Rest in peace.
You ain't been blue
'Til you've had that mood indigo.
That feeling goes stealing down to my shoes
While I sit and sigh.
Go along blues.
Forgive my sentimentality. Listening to the hopelessly obscure Live at the Sni-Blue Lounge album makes me misty even in the best of times. The audience chatter and relaxed performance by a mid-'70s version of the Scamps transport me to an era in which the Kansas City jazz scene had long since peaked but still boasted many of its most illustrious legends.
Even in the late '80s it was possible to catch the likes of Jay "Hootie" McShann, Claude "Fiddler" Williams, Speedy Huggins, Priscilla "Rock and Roll Mama" Bowman and Sonny Kenner in area clubs. Even the names of these musicians were great. The owner of another wonderful name- Oscar "Lucky" Wesley- died last Saturday. The bassist and vocalist's most notable gigs were with McShann, the Five Aces and the Scamps.
As I recently noted at Plastic Sax, my Kansas City jazz blog, I last saw Wesley on February 27. Alarmingly frail, he struggled to participate in a chat with Ben Kynard and Sellie Truitt.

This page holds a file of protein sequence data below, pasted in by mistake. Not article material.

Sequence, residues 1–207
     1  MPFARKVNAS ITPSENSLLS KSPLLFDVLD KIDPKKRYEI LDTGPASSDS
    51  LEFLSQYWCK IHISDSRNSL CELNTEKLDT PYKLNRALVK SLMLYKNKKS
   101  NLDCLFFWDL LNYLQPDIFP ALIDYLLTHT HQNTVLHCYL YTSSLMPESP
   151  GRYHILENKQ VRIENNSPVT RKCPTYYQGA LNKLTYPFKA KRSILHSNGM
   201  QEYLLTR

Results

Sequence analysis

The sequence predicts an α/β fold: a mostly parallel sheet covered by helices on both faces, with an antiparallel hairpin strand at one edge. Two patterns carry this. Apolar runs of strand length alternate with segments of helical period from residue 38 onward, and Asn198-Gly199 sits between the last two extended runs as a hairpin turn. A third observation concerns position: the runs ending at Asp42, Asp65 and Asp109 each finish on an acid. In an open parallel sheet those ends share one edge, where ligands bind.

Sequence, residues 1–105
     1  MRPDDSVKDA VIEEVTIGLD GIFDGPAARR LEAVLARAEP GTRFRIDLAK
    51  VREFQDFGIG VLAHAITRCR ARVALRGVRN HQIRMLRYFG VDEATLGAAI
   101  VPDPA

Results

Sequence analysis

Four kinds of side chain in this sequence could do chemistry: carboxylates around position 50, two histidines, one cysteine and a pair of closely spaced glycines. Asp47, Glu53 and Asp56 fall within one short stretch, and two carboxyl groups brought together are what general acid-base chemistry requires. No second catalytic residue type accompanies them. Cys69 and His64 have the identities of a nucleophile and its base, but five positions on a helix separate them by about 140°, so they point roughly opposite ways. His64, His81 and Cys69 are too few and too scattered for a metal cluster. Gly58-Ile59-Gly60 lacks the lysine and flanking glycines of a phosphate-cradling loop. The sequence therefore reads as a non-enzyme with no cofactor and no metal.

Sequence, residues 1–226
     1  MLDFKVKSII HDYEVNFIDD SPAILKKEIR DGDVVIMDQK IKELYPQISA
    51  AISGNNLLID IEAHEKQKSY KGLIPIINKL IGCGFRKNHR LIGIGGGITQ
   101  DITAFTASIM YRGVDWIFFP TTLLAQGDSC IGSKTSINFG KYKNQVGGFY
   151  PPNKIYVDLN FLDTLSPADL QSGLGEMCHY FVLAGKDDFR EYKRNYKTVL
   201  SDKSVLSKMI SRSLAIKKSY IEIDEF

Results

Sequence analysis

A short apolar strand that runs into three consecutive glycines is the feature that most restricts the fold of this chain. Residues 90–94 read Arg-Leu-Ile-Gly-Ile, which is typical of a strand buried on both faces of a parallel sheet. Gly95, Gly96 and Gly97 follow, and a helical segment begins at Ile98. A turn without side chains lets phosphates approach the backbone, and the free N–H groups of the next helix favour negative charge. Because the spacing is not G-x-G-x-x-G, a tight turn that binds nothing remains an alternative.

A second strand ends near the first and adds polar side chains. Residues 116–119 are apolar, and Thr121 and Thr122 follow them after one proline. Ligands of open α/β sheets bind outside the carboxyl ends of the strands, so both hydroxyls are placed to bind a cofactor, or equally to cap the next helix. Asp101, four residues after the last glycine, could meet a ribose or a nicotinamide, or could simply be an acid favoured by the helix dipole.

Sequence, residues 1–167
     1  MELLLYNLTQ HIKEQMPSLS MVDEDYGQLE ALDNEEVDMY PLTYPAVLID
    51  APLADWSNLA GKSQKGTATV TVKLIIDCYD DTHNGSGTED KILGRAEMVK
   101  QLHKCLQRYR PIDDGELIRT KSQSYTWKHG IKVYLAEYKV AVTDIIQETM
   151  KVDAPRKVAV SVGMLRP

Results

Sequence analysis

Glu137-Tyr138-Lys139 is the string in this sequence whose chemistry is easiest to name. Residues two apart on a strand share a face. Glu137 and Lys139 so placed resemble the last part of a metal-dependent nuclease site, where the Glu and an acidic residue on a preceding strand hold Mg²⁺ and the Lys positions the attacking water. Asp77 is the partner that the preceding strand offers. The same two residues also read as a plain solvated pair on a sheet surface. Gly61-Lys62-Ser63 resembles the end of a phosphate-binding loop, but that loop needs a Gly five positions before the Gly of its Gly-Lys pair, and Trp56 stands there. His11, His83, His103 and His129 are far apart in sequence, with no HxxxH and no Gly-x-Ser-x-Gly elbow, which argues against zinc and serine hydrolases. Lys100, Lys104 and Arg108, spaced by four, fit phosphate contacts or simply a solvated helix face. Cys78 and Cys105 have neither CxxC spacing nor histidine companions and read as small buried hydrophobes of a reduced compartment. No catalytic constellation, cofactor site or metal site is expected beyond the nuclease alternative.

An otherwise fine history of the Scamps makes no mention of the Live at the Sni-Blue Lounge album that features Wesley. It probably dates from the mid-'70s. A 23-track British compilation of the group's (pre-Wesley) late-'40s sessions is the only commercially available Scamps title.
Go along blues.
Kansas City Click: Maynard James Keenan's Puscifer is at the Uptown Theater Wednesday.
Kim Sivils and Steve Rigazzi serenade diners Thursday at Grand Street Cafe.